Balancing Speaking and Listening for Language Learning

In foreign language classrooms, students often do more listening than speaking—they hear a native speaker, either the teacher or a recording, speak phrases and test their comprehension via paper-and-pencil activities such as matching games. This type of training gives students the correct language input, but research is increasingly showing the value of having students speak the language as a way of learning it.

In a study published in Psychological Science, Elise W. M. Hopman and Maryellen C. MacDonald of the University of Wisconsin-Madison compared the effects of comprehension practice and production practice on foreign language learning. Their research stems from a discrepancy between memory research and advice for foreign language classrooms:

“We saw several hints in the memory literature that producing language provides a strong learning experience,” the researchers explained in a university press release, “whereas the second language learning literature is overwhelmingly focused on the importance of comprehension rather than production for learning a language.”

They propose that production practice, using speaking exercises and immediate feedback, may boost students’ ability to speak the language and to understand others speaking it.

“It’s not surprising that practicing talking can make you better at talking,” says Hopman. “But we wanted to see whether practice with talking could make you better at understanding the language as well.”

This research is novel, the researchers note, because it relates production-practice learning to second language grammatical skills.

In the study, the researchers divided participants into two groups and taught them an artificial language. The comprehension-practice group used typical listening exercises, while individuals in the production-practice group spoke and received immediate feedback on their vocabulary, grammar, and punctuation. All participants then completed vocabulary tests and tests measuring their grammatical skills.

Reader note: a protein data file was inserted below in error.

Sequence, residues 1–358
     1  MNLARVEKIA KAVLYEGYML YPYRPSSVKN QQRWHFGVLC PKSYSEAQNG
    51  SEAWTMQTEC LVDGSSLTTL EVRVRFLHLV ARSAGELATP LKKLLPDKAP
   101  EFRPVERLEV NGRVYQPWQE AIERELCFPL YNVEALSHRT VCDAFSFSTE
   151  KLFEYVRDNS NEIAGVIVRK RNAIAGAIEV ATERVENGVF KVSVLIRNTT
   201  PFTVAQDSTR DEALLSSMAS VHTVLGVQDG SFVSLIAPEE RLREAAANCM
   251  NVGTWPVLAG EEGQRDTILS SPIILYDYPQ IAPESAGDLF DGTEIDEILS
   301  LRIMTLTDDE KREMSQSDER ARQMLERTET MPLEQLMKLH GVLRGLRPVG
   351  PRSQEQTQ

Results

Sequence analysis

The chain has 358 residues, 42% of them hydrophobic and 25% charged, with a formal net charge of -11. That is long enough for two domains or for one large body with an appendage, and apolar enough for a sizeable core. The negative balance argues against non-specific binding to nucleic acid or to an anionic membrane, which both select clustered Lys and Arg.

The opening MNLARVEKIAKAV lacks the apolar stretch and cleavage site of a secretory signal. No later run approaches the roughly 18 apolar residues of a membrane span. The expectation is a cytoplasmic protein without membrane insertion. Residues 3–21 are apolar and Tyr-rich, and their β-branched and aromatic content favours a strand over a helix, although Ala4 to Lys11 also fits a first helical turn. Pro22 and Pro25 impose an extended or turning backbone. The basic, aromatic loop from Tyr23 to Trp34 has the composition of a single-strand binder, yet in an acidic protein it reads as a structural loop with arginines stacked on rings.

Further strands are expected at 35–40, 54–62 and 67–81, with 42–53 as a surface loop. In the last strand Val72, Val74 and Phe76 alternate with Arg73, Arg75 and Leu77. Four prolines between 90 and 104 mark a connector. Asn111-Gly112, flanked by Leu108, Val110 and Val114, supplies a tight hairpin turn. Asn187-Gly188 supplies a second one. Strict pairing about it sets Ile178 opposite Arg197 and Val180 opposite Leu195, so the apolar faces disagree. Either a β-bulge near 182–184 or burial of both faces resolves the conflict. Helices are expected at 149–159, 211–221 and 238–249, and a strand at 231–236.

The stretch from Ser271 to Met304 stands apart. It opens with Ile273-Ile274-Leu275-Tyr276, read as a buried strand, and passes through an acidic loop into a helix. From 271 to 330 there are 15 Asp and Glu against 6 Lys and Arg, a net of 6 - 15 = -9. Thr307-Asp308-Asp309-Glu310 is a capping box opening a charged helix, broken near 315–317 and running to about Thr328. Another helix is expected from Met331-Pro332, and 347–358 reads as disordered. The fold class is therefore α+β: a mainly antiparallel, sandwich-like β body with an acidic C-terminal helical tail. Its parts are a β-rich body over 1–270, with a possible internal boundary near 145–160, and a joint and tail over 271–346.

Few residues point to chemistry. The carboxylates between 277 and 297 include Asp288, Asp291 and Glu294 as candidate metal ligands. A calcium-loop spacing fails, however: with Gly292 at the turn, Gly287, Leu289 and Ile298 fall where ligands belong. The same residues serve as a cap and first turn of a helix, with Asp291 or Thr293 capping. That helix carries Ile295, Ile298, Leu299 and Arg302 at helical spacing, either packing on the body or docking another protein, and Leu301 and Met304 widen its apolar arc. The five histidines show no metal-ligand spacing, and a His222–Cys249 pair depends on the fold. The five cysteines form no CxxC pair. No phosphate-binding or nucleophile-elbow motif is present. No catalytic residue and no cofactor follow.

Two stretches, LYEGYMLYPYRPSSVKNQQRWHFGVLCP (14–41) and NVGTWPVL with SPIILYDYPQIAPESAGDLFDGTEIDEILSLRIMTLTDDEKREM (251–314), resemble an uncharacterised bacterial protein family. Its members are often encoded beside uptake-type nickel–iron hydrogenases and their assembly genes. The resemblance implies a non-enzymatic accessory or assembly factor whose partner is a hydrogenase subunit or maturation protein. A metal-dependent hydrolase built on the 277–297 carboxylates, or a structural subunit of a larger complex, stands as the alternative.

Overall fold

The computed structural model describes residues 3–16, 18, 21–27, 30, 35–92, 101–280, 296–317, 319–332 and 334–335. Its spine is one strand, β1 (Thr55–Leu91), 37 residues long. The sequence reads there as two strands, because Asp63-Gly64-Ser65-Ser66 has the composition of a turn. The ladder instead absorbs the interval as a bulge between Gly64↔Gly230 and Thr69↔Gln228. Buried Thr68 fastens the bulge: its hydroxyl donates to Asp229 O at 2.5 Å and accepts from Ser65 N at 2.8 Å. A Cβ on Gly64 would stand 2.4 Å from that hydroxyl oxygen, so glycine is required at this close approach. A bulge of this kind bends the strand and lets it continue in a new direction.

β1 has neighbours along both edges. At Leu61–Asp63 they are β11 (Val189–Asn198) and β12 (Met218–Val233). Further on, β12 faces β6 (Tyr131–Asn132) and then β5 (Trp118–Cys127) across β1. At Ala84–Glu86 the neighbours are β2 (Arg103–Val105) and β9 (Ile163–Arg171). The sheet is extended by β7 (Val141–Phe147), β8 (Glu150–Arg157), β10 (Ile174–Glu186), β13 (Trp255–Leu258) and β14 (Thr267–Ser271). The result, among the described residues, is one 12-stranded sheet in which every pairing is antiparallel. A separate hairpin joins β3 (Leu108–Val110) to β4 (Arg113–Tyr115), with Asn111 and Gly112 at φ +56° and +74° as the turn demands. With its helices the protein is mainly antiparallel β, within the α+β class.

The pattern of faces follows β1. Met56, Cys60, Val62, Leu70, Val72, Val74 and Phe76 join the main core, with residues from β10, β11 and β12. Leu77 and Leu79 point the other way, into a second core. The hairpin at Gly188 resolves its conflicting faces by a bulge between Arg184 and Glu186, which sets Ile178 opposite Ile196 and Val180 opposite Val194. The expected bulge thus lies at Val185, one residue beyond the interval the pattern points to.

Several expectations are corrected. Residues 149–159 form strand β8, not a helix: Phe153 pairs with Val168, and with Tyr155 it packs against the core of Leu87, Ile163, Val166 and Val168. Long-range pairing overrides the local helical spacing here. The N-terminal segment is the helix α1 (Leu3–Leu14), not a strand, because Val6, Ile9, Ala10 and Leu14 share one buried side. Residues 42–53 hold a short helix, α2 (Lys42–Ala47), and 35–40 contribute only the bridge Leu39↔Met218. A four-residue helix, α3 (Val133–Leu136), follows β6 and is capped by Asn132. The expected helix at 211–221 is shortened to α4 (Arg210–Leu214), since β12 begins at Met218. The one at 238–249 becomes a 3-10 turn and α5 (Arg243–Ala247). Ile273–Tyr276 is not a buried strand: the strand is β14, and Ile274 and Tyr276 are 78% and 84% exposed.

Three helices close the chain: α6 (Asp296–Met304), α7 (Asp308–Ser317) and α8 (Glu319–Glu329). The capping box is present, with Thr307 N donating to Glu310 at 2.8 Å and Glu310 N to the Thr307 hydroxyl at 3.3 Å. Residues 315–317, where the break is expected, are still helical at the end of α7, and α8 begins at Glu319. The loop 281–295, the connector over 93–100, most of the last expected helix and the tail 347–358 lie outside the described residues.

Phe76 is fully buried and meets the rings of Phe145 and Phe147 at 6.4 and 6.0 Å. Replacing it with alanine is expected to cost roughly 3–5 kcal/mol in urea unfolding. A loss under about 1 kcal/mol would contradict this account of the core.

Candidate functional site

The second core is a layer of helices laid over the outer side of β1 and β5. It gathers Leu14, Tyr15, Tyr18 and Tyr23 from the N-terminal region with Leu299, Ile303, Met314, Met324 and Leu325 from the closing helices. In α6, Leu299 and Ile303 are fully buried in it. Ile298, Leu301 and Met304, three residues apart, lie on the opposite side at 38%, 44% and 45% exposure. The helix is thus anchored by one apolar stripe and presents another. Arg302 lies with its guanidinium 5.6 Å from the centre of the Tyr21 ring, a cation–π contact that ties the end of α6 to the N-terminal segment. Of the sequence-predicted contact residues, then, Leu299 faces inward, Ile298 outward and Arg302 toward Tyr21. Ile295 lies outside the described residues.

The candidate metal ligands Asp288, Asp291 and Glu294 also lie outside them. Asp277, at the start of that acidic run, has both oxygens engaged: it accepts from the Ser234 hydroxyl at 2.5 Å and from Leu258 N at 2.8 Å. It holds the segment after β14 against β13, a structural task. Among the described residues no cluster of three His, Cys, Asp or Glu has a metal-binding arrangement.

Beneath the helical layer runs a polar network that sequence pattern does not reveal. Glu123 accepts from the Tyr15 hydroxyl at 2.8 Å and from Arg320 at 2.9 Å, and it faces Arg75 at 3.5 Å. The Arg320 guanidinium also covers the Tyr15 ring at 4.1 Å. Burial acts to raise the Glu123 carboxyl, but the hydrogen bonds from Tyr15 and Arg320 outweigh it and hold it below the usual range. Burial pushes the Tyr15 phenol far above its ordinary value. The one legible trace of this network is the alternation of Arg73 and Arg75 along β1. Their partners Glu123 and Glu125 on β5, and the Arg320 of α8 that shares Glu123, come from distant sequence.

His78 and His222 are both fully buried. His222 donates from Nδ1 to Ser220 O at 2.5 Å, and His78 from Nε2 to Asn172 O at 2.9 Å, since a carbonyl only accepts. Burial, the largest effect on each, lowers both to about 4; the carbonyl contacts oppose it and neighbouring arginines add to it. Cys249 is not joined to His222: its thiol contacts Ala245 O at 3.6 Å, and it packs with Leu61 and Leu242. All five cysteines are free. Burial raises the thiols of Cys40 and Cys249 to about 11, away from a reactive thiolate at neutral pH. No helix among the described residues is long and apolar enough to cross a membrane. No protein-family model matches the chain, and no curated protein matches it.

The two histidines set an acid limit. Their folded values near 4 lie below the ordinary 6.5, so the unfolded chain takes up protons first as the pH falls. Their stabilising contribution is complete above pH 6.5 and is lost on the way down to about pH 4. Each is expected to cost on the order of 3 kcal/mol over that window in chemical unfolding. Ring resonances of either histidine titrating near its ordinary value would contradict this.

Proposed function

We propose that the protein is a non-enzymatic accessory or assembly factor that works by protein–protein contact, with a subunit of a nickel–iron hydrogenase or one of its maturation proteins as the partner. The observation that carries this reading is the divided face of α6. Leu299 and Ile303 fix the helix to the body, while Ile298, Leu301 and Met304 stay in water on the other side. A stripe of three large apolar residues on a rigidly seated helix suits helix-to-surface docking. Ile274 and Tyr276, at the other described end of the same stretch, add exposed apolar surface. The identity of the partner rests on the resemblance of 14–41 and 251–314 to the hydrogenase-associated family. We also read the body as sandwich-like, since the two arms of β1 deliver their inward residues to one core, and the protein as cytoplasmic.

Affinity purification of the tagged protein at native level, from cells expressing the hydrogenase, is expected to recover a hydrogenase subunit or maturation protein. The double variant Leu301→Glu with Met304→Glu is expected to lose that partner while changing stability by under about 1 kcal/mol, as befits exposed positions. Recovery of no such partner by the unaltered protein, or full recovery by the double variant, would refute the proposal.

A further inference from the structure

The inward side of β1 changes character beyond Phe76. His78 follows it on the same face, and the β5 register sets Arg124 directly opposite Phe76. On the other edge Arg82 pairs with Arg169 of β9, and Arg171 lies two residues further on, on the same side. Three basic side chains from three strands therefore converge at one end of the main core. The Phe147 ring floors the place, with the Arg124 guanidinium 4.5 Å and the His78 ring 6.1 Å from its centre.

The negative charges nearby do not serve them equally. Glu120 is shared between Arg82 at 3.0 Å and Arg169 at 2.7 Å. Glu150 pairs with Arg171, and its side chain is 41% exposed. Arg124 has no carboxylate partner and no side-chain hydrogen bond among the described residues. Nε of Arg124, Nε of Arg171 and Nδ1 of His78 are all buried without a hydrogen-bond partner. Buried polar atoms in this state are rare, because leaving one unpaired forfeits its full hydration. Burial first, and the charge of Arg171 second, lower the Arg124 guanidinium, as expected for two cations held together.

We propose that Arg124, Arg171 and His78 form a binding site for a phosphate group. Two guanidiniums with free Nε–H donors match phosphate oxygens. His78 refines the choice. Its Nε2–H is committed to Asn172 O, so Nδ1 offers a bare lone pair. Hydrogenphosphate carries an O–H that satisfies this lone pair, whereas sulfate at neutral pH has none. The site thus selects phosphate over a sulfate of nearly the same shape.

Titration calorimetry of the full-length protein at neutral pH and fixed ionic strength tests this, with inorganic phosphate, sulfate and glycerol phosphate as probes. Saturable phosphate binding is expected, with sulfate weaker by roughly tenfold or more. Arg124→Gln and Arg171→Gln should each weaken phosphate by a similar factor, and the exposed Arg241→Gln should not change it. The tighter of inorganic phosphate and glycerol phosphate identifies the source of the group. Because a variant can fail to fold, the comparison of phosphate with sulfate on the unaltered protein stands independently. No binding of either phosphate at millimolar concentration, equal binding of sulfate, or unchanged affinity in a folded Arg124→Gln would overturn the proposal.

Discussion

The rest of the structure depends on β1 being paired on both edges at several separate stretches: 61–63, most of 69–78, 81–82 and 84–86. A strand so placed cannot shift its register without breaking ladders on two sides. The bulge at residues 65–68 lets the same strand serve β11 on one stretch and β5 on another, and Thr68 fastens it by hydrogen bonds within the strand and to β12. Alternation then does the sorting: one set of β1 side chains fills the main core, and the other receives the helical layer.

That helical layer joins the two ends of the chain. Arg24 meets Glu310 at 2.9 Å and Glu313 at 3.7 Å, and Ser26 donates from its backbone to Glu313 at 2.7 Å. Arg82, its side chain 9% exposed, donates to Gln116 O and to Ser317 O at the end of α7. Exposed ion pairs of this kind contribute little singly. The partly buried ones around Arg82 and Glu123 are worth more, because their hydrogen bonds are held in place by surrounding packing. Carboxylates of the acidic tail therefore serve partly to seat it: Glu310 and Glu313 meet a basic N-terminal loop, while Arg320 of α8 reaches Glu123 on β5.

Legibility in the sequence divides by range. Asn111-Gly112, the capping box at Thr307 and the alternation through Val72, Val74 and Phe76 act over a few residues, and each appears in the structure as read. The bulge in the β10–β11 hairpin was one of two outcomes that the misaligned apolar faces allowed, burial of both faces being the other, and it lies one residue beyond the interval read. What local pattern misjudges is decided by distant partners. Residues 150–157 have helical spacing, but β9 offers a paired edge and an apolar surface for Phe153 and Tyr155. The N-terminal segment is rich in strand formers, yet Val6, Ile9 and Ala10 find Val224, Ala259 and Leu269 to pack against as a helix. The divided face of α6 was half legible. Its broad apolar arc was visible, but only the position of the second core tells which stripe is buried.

The results suggested that the production-practice group outperformed the comprehension-practice group on both grammatical and vocabulary tests, even after the researchers controlled for individual differences in learning.

The pattern of findings was robust across accuracy and speed of comprehension, vocabulary learning, simple grammar relationships, and complex grammatical relationships. The group that practiced speaking even outperformed the listening group on tasks that were almost identical to those the listening group had been given during training.

Speaking requires individuals to integrate multiple cognitive functions at once and the authors suggest that reliance on working memory during speaking could increase the “binding” between grammar, punctuation, and vocabulary, increasing connections among these linguistic elements as the speaker forms a sentence. Comprehension practice, on the other hand, may not integrate linguistic elements in the same way because learners are given the language, and learners may be able to use native speaker cues as shortcuts, the authors note.

The results have implications for language learning in a variety of contexts:

“Under the right circumstances,” the authors explain, “producing language is an incredibly strong learning experience (when the production involves generating the language yourself and you are provided with feedback).”

They suggest that current teaching practices may underestimate the value of having students produce the language themselves, and advocate for classrooms to balance the focus on production and comprehension practice.

Finding that balance will continue in future studies. Hopman and MacDonald plan to implement a similar research design with a first-year German course, in collaboration with the German department at Penn State University. In addition, they are interested in examining the effect of production practice on novel words that a student has not already encountered.

They explain, “In our field that is the gold standard of showing that learners can generalize.”

Reference

Hopman, E. W. M., & MacDonald, M. C. (2018). Production practice during language learning improves comprehension. Psychological Science. https://doi.org/10.1177/0956797618754486

Comments

Thank you for such wonderful insight into learning a foreign language. As a teacher of FLE, I’ve observed that it may seem daunting to most of the students to speak up in class in the beginning but it’s essential as gradually, it makes them feel more at ease with the language which boosts their confidence and that in turn, helps them to concentrate better on comprehension and writing.

Very interesting read and information. I teach Navajo and I do interpreting work.

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